Saturday, August 24, 2013

Showgirls (1995)

WHO: Elizabeth Berkeley stars in this.

WHAT: Showgirls was the first film rated NC-17 by the MPAA to receive a wide release in US theatres. It flopped, and signaled to major studios that they needed to make sure their mainstream theatrical releases went no higher than 'R' (though these days 'PG-13' is more customary), and ever since the NC-17 rating has been essentially relegated to films aimed solely at the art-house or home video markets. 

But in the meantime, Showgirls has become a cult phenomenon in those markets, screening to enthusiastic fans as a midnight offering in the former, and being frequently re-published in increasingly elaborate DVD packages for the latter. Not only has it found a growing fan club, it's also become re-evaluated by critics and academics and even highbrow filmmakers like Jacques Rivette. I hate to name any review as 'definitive' but I have to admit that I pretty much consider Eric Henderson's masterful 2004 write-up for Slant to be just that. Here's a sample:
Gleefully inspiring audiences everywhere to challenge conventional definitions of "good" and "bad" cinema, Showgirls is undoubtedly the think-piece object d'art of its time. It is Paul Verhoeven and Joe Eszterhas's audaciously experimental satire-but-not-satire, an epically mounted "white melodrama" (to borrow Tag Gallagher's description of Sirk's early, less mannered, and more overtly humanistic comedies of error) and also one of the most astringent, least compromised critiques of the Dream Factory ever unleashed on a frustrated, perpetually (and ideologically) pre-cum audience. Many things to many people, and absolutely nothing to a great deal more, Showgirls's proponents and detractors still square off, digging nine-foot trenches in the sand (some planting their heads therein instead of their feet) and lobbing accusations of elitism and anti-pleasure. It is perhaps one of the only films to bridge that critical gap between Film Quarterly (which hosted a beyond extensive critical roundtable on the film last year) and Joe Bob Briggs.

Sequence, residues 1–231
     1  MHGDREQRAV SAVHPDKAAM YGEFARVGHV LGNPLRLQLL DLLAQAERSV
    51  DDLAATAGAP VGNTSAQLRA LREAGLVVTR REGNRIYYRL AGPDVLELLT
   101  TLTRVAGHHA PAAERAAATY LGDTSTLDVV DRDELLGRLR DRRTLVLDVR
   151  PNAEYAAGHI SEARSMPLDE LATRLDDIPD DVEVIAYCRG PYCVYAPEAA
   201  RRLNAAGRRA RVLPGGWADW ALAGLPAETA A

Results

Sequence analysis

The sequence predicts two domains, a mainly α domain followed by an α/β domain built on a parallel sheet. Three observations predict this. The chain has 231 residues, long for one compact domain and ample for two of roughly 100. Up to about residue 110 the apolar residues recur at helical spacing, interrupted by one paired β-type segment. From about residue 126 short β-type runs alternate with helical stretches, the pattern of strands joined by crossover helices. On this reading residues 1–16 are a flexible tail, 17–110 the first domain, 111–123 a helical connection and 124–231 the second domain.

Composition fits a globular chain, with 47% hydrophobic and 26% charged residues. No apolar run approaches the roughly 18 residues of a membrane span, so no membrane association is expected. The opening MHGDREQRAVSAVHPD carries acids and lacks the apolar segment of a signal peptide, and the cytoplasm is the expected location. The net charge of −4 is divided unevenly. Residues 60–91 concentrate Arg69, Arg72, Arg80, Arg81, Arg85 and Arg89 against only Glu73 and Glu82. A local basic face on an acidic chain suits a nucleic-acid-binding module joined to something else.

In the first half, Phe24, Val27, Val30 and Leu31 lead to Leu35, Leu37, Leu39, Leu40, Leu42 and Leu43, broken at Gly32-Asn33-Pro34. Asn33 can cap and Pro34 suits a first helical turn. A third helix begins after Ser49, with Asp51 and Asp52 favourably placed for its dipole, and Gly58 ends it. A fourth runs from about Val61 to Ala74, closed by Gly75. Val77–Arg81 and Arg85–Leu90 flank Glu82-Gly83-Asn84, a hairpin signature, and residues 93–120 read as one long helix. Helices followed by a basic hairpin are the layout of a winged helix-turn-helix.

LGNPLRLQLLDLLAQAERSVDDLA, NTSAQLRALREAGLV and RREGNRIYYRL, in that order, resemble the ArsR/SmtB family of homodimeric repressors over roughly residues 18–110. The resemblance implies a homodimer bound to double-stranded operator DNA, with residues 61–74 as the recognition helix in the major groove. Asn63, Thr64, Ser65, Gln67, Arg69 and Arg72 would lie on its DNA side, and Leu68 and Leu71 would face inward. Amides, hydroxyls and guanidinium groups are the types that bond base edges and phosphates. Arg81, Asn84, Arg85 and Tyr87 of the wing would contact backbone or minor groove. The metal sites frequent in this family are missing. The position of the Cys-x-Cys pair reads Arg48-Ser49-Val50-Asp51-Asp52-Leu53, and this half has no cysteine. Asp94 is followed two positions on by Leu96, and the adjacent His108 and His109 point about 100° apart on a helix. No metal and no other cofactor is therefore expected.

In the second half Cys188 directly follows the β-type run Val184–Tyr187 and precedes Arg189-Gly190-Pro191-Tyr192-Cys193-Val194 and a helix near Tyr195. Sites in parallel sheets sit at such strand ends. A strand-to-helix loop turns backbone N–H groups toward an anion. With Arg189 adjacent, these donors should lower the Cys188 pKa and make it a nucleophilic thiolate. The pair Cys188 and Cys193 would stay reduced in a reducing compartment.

WHERE/WHEN: Tonight only at the Castro Theatre at 8:00.

WHY: I've already related on this blog my story of experiencing Showgirls for the first time. Since writing that piece, I attended two more screenings of the film hosted by Peaches Christ, the last two held at the Bridge Theatre before the annual summer party moved to the Castro Theatre in 2010, with an according ticket-price hike and shift from midnight to prime time. I have to admit that my Peaches Christ devotion dried up around the time of this venue move. I attended dozens of Midnight Mass presentations at the Bridge in part because they were fairly inexpensive and didn't conflict with other potential Saturday evening plans. The Castro shows were said to be better-choreographed and more spectacular (thus deserving of their extra cost) but I found it hard to get motivated to attend one. It may not have helped that the films selected to fill the Castro have to skew more toward mainstream mass-appeal- true oddities like William Castle's Strait-Jacket or Paul Bartel's Death Race 2000 have to be passed up in favor of more well-known films like Mommie Dearest and Purple Rain. (Although a 2013 development of including documentaries like Paris Is Burning and - up next October 12th - Grey Gardens in the program rotation is certainly welcome.)